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Cheaper to Educate than Incarcerate: How PFEF Stops Intergenerational Incarceration

The concept of intergenerational incarceration helps explain how the children of parents behind bars are six times more likely to follow their parents into the prison system. This vicious cycle not only affects individual boys and girls but also their communities and society as a whole.

Thankfully, organizations like the Pitzer Family Education Foundation (PFEF) help combat generational incarceration through ongoing education. By offering scholarships, PFEF provides children of inmates with the tools and opportunities they need to break free from the cycle of crime and imprisonment.

PFEF takes a stand against intergenerational incarceration

Percy Pitzer retired as a warden at the US Penitentiary in Beaumont, Texas, with over 40 years of correctional experience under his belt. Early on in his career, he recognized the serious risk faced by children of the inmates he served.

“The cycle was all around me,” Pitzer recalls. “I felt like I looked into the faces of our next clients every time I walked into the visiting room. With a parent in prison, these kids deal with emotional difficulty, financial hardship, and social stigma. They are more vulnerable to peer pressure and risky behaviors that lead them down the same path as their parents. Without intervention, they can easily become trapped in a cycle that is extremely difficult to break.”

Yet even after retiring, Pitzer discovered he was not ready to stop searching for solutions to intergenerational incarceration. His first step was to establish Creative Corrections, an outside firm that steps in to conduct audits of correctional facilities and improve prison management.

“When we improve operations, the facility’s staff can focus on long-term goals instead of putting out day-to-day fires,” Pitzer explains. “That’s when I can come in to help rally the inmates to fight intergenerational incarceration right along with me.”

Although Pitzer is aware that most prisoners lack access to financial resources, he notes the value of their participation. “If even just 10% of the 1.2 million individuals detained in state and federal prisons contributed $1 each month, they would raise over $1 million every year. But even beyond the financial gain, the pride inmates feel in helping their families is exactly the kind of pro-social values they need when it comes time for them to re-enter society successfully.”

To date, the $240,000 raised by inmates through PFEF has helped fund nearly 200 individual scholarships. “In my experience, inmates are extremely likely to rally behind a cause when they see how their actions contribute to a greater good,” Pitzer notes. “You just have to show them how it makes sense.”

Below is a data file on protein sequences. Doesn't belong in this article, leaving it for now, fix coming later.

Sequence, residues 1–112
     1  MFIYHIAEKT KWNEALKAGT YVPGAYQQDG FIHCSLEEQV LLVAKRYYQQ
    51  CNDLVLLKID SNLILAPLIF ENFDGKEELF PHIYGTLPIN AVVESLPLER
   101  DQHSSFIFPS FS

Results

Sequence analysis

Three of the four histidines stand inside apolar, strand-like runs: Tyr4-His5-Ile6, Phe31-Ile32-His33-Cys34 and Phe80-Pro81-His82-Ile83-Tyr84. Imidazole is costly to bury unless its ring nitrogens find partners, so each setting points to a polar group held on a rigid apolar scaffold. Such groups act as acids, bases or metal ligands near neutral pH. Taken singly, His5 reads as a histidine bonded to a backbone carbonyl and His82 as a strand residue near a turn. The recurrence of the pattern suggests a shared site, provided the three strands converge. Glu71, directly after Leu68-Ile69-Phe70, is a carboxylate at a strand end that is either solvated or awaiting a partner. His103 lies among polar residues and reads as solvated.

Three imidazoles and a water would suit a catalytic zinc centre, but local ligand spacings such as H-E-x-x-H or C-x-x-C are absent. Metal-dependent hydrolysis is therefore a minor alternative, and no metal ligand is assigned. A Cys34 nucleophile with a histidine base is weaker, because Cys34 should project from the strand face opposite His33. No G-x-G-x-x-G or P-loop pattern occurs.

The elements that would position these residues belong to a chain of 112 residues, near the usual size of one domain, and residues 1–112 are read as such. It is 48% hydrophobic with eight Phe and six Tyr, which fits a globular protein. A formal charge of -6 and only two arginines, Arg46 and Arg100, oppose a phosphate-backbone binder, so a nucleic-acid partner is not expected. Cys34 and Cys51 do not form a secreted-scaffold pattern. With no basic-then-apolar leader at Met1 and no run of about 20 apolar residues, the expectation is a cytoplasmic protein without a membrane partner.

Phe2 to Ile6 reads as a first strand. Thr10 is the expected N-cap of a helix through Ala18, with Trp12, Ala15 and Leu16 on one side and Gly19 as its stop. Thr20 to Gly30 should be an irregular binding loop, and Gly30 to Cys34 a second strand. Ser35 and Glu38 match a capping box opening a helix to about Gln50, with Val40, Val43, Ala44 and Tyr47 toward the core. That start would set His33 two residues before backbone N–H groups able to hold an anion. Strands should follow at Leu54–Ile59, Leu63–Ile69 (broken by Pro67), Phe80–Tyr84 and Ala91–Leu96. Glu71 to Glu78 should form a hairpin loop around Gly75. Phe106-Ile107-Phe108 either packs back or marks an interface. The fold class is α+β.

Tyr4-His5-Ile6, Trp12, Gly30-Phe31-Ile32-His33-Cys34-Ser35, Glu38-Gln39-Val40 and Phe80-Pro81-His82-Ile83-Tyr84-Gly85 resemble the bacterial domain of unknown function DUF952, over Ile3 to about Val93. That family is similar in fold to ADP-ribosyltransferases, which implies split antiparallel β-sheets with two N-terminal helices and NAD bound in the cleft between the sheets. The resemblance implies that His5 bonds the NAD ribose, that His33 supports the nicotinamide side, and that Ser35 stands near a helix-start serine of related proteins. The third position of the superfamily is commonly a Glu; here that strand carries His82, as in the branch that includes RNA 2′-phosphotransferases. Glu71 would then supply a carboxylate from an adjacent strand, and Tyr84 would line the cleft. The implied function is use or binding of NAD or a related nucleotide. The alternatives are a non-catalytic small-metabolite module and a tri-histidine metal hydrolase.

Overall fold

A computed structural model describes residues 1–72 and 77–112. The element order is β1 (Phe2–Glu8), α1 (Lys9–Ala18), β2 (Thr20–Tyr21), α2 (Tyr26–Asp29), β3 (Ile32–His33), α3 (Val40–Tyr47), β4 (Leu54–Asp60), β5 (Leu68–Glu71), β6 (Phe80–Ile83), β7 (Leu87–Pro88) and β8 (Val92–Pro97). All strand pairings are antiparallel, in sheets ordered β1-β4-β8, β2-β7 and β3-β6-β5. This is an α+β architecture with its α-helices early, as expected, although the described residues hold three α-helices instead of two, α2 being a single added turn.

In addition to the assistance from inmates, Creative Corrections has donated $1.4 million to fight intergenerational incarceration. “I built my career around the corrections system,” Pitzer remarks, “so when Creative Corrections achieved success, my wife and I decided the time had come for us to give back.”

Educate or incarcerate?

In total, the United States spends over $ 55 billion on incarceration every year. To break this vast sum down, the average annual cost to keep someone in prison equates to approximately $45,771. Over the length of a prison sentence, it’s easy to see how just one prisoner’s costs quickly escalate into thousands — or even millions — of dollars.

On the other hand, investing in the lower price of education leads to long-term positive outcomes and significant savings. By providing inmates and their families with access to scholarships, PFEF gives them a chance at a brighter future by reducing their likelihood of returning to prison, thereby leading to significant cost savings for the criminal justice system and American taxpayers.

“Our scholarships range from $1,000 to $5,000, are awarded based on each student’s need, and can be renewed for up to four years,” states Pitzer. “After applying for Pell Grants, the additional funds we provide help students purchase books and cover the remainder of their tuition.”

The funds that PFEF raises for its scholarships enable children of incarcerated parents to enroll in college, trade school, and trade certificate courses. These critical financial aid opportunities serve as catalysts for transformation and empowerment, opening doors to an education that helps provide those children with the means to find employment, build successful careers, and lead productive lives.

Indeed, American society at large pays a high price for intergenerational imprisonment. “The general public tends to think that putting an offender behind bars solves the problem,” remarks Pitzer. “The truth is that incarceration means a community’s problem has just begun because the chances are so high that the inmate will eventually return to prison, and if they have children, the cost will drag on for generations to come.”  

As Pitzer explains, when communities take the initiative to invest in the children of incarcerated parents, they invest in a better future for everyone. This approach helps build stronger, safer communities that see dividends in the power of learning, redemption, and new beginnings.

“We need the community’s support to break the cycle of intergenerational incarceration,” Pitzer concludes, “and education is the key to this. It gives children of inmates the tools and skills to transcend their circumstances. Investing in these kids’ futures gives them the knowledge, self-confidence, and resilience they need to overcome adversity and beat the odds.”

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